If one prefers to produce the patterns on global layers followed by dissolving the lignin ink, this is also possible. Supplementary Fig. 2 shows how the residual ink in the pattern shown in Fig. 1a has been dissolved by water. The carbon pattern, however, is not likely to dissolve in water as the carbonization have made it hydrophobic and chemically fused (i.e., cross-linked) the pattern. In addition, it seems like the carbon pattern has good enough adhesion to the substrate to stay on it even after being submerged for extended periods of time.

To make truly environmentally friendly electronics, also the substrate should be bio-based. The inset of Fig. 1a as well as Supplementary Fig. 3 show photographs of lignography performed on cardboard with glossy or unprocessed surfaces respectively. However, due to the rough surface structure and wetting issues of cardboard and paper, reproducibility was poor. As the focus of this work was on the printing process and the ink, synthetic thermoplastic substrates were used for the bulk of the work which is the standard in printed electronics at the moment. Future work will focus on applying the lignography process on bio-based substrates.

Electrical performance

The electrical performance of the obtained carbon patterns was evaluated by four probe resistance measurements to obtain the sheet resistance. Squares (40 × 40 mm) of lignin ink was printed on PET sheets and smaller squares (15 × 15 mm) were subsequently graphitized as shown in Fig. 2a. Each data point in the electrical measurements represents one measurement on one carbon square. Sheet resistance was evaluated for various laser power and ink composition. The variation in ink composition includes the lignin:cellulose (L:C) weight ratio and the addition of boric acid (BA) to the ink. Boric acid is a flame retardant which has previously been used in LIG to perform the graphitization on carbon sources like cellulose in ambient atmosphere25,31. Indeed, most demonstrations of LIG were performed in inert atmosphere to prevent combustion and maximize the degree of graphitization. Figure 2b shows how the sheet resistance varies with laser power and L:C ratio. Figures 2c, d further show more clearly the sheet resistance at high and low laser power, respectively. As is evident from the graphs, sheet resistance decreases with increasing laser power. This behavior was expected as it has previously been reported15,24,26. What was more surprising was the sharp increase in resistance when the amount of cellulose reaches a certain point. As cellulose by itself does not carbonize in ambient atmosphere and is instead etched away, we expected a gradual increase in resistance with increasing amount of cellulose. Instead, even with twice as much cellulose as lignin, low values of sheet resistance could still be obtained, which is comparable or even lower than the samples with higher lignin loading. The sharp increase in resistance at [L:C 1:3] indicates a percolation threshold where the lignin no longer forms a well-connected network or due to the formation of smaller crystallites (see discussion in “Micro- and macrostructure” section).

Even though the prints would graphitize in ambient atmosphere even with high loading of cellulose, we wanted to investigate if the addition of boric acid could further improve the graphitization by suppressing combustion. The results are shown in Fig. 2e, f, where prints with L:C 2:1 ratio were graphitized at low and high laser power with different amounts of BA added to the ink. This particular L:C ratio was used as it displayed the best overall performance when also taking into account the printability and drying time of the ink. The addition of BA resulted in a reduction in sheet resistance with the best performance being ~6 Ω sq−1. at high laser power. Besides laser power there are many other processing parameters that affect the sheet resistance, and not all could be investigated in-depth in this work. This includes the laser speed, defocus, and number of passes25. However, by trial and error the best sheet resistance reached was 3.8 ± 0.1 Ω sq1, which was obtained at two laser passes at high power (11%) and with boric acid (L:BA 10:1). To the best of our knowledge, this is the lowest value of sheet resistance reported for LIG using bio-based sources.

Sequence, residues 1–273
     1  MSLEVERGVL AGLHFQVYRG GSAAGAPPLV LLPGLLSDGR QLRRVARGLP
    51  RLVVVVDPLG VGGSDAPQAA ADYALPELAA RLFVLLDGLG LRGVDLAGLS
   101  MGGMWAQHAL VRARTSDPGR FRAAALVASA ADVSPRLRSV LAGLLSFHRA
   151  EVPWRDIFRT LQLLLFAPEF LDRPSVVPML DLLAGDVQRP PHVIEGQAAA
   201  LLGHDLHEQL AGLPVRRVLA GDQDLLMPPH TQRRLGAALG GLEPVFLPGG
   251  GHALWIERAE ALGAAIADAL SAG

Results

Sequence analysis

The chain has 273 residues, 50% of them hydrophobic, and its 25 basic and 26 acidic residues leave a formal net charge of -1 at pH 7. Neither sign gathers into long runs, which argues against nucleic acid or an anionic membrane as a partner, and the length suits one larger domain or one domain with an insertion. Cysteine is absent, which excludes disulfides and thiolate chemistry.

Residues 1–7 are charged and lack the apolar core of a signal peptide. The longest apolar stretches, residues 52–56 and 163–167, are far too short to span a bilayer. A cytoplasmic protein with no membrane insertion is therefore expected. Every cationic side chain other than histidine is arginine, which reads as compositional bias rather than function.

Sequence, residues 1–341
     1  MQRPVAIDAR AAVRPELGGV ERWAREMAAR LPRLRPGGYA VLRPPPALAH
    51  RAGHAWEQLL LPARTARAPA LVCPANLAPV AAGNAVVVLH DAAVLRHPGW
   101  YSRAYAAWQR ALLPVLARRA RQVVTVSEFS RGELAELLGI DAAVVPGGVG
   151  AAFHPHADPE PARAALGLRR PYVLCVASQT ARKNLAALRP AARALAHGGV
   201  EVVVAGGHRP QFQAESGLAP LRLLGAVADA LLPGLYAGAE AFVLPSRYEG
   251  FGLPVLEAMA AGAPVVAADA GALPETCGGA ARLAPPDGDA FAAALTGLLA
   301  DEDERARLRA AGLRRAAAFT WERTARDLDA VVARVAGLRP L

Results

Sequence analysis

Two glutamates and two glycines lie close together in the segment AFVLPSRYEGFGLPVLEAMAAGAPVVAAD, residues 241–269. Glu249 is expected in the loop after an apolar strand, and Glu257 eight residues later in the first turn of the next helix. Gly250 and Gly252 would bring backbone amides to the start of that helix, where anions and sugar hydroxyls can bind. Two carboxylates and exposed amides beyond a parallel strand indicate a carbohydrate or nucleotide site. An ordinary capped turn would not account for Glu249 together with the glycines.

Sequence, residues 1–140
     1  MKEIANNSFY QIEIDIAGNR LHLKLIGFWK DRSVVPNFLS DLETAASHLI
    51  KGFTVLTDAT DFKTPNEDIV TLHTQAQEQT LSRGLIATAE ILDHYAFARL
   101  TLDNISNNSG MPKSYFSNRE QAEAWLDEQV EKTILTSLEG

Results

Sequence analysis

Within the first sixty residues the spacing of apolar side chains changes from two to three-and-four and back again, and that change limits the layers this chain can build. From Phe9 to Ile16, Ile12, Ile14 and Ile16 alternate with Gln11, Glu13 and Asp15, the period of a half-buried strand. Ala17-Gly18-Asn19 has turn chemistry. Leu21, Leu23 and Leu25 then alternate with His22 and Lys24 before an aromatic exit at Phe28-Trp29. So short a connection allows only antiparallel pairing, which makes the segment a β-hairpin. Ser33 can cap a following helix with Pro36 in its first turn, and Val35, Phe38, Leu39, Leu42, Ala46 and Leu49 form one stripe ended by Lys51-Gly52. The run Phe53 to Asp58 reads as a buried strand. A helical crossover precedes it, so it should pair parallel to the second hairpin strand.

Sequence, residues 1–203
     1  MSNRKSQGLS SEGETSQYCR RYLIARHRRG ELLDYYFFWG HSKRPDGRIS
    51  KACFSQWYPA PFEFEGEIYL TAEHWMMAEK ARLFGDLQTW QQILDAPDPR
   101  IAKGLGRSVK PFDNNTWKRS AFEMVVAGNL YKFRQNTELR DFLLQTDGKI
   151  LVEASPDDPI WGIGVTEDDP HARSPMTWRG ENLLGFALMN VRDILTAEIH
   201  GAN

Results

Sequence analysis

Like most previous work on LIG, we have focused on sheet resistance rather than conductivity15,24,25. Even though conductivity is an important parameter from a materials investigation point of view, sheet resistance is the most important parameter when considering the usefulness of the technology. Conductivity is a useful value when there are no limitations on the dimensions on the conductor such that the resistance can be decreased, e.g., by increasing the thickness of a conductive film. However, in the case of lignography, there is a limit to the laser penetration depth and therefore to the maximum thickness making it a 2D-technology where sheet resistance becomes a better comparison to other similar technologies. That being said, the conductivity of different samples was calculated by measuring the thickness of the graphitized films using cross section SEM imaging (Supplementary Fig. 4). The best obtained conductivity was ~28 S cm−1, which is in the same order of magnitude as previous reports of LIG using similar materials26. Although the prints had a thickness in the order 8–15 µm, the thickness of the carbon was considerably thicker, sometimes >100 µm. This indicates that the material “inflates” upon graphitization and becomes more porous. This is also shown in SEM imaging which is further discussed in “Micro- and macrostructure” section. The induced porosity and volume expansion are likely due to the partial combustion and volatilization of the cellulose and/or lignin. By applying the Reynolds and Hough rule, we can get an estimate of the intrinsic conductivity of the carbon by normalizing the conductivity with the volume fraction of carbon (i.e., by excluding the air-filled pores)32. This method has previously been used to estimate the intrinsic conductivity of biochar carbon in supercapacitors33. As we know the original thickness of the ink then we can easily estimate the upper limit of the carbon volume fraction in the graphitized samples. Applying the Reynolds and Hough rule give us values between 112 and 210 S cm−1 of the intrinsic conductivity, which is similar to values reported for lignin graphitized in inert environment in an oven (Shao et al.34 reported 95 S cm−1 after pyrolysis at 1000 °C). Even without applying the Reynolds and Hough rule, the conductivity and sheet resistance of the lignographic carbon is in the same order or better than most reported graphene-based inks used for printed and flexible electronics35. It should be noted that such graphene-based inks often use hazardous organic solvents like NMP or DMF and require high temperature annealing (200–400 °C) for more than 30 min in order to reach these conductivity values, which is more than what most flexible substrates used in printed electronics can handle and also a time consuming process. If the volume expansion can be suppressed through further optimization of the ink formulation and lignography process, even higher values might be possible to reach by creating a densified and more interconnected carbon network.